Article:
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Dual EligibleDual Eligible Search Results « » The Henry J. Kaiser Family Foundation

About 9 million people in the United States are covered by both Medicare and Medicaid, including low-income seniors and younger people with disabilities. These dual eligible beneficiaries have complex and often costly health care needs, and have been the focus of many recent initiatives and proposals to improve the coordination of their care aimed at both raising the quality of their care while reducing its costs. This page highlights some key resources examining the dual eligible population and provides you with the standard search result page for a site-wide search on the dual eligible tag.

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The Role of Health Coverage for People with Disabilities

People with disabilities are at risk in the health-care system because of their wide-ranging health-care needs, their relatively heavy use of prescription drugs, health-care and support services, and typically low incomes. A new survey of people with permanent mental and/or physical disabilities explores their health-care experiences and challenges in accessing…

Medicaid Matters For Low Income Medicare Beneficiaries: A Video

In this video, Mildred Benham, a 68 year-old dual enrollee who lives in Bloomington, Illinois, describes the role Medicaid plays in providing services that Medicare does not, such as prescription drugs and personal care. Mildred is a typical dual enrollee in that she has multiple conditions, such as fibrosis of…

Comparison of Consumer Protections in Three Health Insurance Markets: Medicare Advantage, Qualified Health Plans and Medicaid Managed Care Organizations

This report examines similarities and differences in federal consumer protection standards for Medicare Advantage (MA) plans, Qualified Health Plans (QHPs), and Medicaid Managed Care Organizations (MCOs). It focuses on rules established at the federal level, though some states have chosen to go above the federal minimums and impose additional requirements for QHPs and Medicaid MCOs.

State Demonstration Proposals to Integrate Care and Align Financing and/or Administration for Dual Eligible Beneficiaries

This map shows the current status of the state demonstration proposals to integrate care and align financing for beneficiaries eligible for both Medicare and Medicaid. Over 9.6 million seniors and younger people with significant disabilities are dually eligible for both programs, and as many as 2 million of them may be included in the demonstrations.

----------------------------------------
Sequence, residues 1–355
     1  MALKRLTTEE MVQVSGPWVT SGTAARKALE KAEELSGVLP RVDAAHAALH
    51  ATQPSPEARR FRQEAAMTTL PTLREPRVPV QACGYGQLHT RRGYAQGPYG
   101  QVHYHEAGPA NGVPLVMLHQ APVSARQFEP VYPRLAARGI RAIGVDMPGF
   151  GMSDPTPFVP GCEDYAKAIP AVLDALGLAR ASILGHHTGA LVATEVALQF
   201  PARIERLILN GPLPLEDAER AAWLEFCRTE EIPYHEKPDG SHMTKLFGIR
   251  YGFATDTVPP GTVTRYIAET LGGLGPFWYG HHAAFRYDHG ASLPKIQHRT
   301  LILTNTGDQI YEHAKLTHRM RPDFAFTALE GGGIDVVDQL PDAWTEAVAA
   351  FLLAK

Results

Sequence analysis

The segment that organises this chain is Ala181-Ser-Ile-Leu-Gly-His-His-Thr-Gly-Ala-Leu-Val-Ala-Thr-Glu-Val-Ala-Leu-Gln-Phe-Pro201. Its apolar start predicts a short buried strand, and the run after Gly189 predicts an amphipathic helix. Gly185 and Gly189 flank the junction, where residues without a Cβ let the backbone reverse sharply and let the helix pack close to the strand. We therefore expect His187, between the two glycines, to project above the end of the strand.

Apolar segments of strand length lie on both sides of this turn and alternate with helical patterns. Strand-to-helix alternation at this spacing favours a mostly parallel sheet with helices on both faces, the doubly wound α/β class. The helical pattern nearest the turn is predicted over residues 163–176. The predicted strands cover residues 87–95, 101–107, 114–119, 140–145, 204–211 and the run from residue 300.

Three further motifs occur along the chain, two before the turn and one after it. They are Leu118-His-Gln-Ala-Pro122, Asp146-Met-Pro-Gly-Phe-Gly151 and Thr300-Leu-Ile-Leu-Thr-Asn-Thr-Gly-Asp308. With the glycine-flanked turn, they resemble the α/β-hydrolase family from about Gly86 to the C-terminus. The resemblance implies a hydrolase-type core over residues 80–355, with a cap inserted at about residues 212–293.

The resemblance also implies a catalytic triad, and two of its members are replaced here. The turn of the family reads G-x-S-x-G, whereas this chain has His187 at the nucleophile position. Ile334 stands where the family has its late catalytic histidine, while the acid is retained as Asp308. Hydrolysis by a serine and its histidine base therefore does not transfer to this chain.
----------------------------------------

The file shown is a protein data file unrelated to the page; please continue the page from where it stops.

Key Facts: Women and Medicare

Medicare is a critical source of health insurance coverage for virtually all older women in the U.S. and for many younger women who have permanent disabilities. Today, 22 million women one in five adult women rely on Medicare for basic health insurance protection. In fact, women comprise 57% of the…

The Future of Retiree Health Benefits: Challenges and Options

Tricia Neuman, Vice President and Director of the Medicare Policy Project testified before the House Subcommittee on Employer-Employee Relations on retiree health coverage for older Americans. The statement describes the health needs of aging adults and the importance of health insurance coverage at a time in their lives when they…

Prescription Drug Spending Under The MMA: Modeling The Impact On Out-of-Pocket Costs

This report projects the impact of the new Medicare drug benefit on out-of-pocket spending for people who enroll in 2006. The analysis is based on a model developed by the Actuarial Research Corporation for the Kaiser Family Foundation. The model generally conforms to the Congressional Budget Office’s assumptions and projections…

A Primer on Medicare: Key Facts About the Medicare Program and the People it Covers

This primer explains key elements of the Medicare program, which now provides health coverage to 55 million people — including 46 million people age 65 and older and another 9 million younger adults with permanent disabilities. It looks at the characteristics of the Medicare population, what benefits are covered, how much people with Medicare pay for their benefits and the program’s overall costs and future financing challenges.